Moira was among the crowd at the airport mobbing the Waterfords’ car as they were on their way out, and she got a very satisfying moment of her own. Like many women in the crowd, she had a sign stating her name, a reference to how lots of the letters started with the women declaring the real names that had in many cases been taken from them. She broke through the crowd to get right up to the car and banged on the window, showing her sign to Fred. He seemed to recognize her and looked every bit as uncomfortable as he should be. As the car rolled away, Moira muttered, “Not Ruby. Asshole.”

Like Emily, Moira also had a flashback episode this season. While waiting to hear if June was safe after the bombing, in 2×07 Moira decided she needed to take control and find out for sure what had happened to her girlfriend fiancée, Odette. This attempt to gain closure led to a series of flashbacks that revealed how she met Odette and why she was a Handmaid. The book never explained all the intricacies of how Gilead established which women were fertile and thus able to serve as Handmaids. Since Moira was childless, I personally assumed it was because she got an abortion before she realized she was gay and stopped sleeping with men. In the show, however, it turns out Moira had indeed had a child, having served as a surrogate for a wealthy English couple. And lo and behold, Odette was her doctor throughout the process.

Samira Wiley as Moira and Rebecca Rittenhouse as Odette in The Handmaid's Tale 2x07 "After"

Some viewers expressed confusion at this storyline or claimed it was retconned, but it really wasn’t. Odette was mentioned several times in season 1, and we even heard Moira talking on the phone with her in 1×03. Anyone who thinks Odette was a shoehorned addition was not paying attention. I was hoping all offseason we would finally get to meet her, so I was very pleased. I also appreciated the explanation of how Moira became a Handmaid, that and how June was the supporting character to her in these flashbacks. We rarely get to see June as the supporting character to someone else, and to see the straight white protagonist supporting her black lesbian bestie through pregnancy was a nice little reversal.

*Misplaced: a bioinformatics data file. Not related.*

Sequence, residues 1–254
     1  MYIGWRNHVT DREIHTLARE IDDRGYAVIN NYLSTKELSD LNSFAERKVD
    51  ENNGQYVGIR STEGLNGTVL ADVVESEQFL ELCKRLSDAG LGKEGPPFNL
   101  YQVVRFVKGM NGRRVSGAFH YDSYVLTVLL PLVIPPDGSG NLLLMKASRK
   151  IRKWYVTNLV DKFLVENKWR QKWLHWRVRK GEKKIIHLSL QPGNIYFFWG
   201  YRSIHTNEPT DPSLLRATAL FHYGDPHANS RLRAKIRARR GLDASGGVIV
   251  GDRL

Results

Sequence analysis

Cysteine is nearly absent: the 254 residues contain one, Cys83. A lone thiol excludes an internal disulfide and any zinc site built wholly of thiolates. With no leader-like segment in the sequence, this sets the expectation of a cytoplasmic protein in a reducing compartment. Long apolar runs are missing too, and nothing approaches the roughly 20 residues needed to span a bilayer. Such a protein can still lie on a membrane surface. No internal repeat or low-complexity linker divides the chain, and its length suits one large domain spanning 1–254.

The one thing that did feel a little retconned about the storyline was that what happened to Odette was inconsistent with the story Moira gave June in the series premiere. Back then, she said Odette was rounded up in the dyke purges and sent to the Colonies. But the pictures of Odette she finally found in the book made it look like she was shot in the street in Gilead. However, it’s possible Moira had only assumed what became of her or had been misinformed. In any case, the grief on Moira’s face when she found the pictures was heartbreaking. So was the moment she laid the picture of her and Odette on the remembrance altar of sorts in Little America. Samira Wiley knocked that whole episode out of the park.

Moira was also in 2×11 a bit, in flashbacks to June’s first pregnancy. This nicely reminded us of how important a figure Moira was in June’s life, as well as the adorable rivalry she had with Luke. It was rather cute too, after seeing June support Moira in similar circumstances in 2×09. It was a little funny seeing Moira back in the supporting role with June given how much she had her own storylines this year, but I liked the show reestablishing how important they are to each other. There were also some flashbacks of the two of them in the Red Center in 2×03, so we had enough episodes where they interacted to remember that Emily is not June’s first lesbian bestie. Sorry, Emily.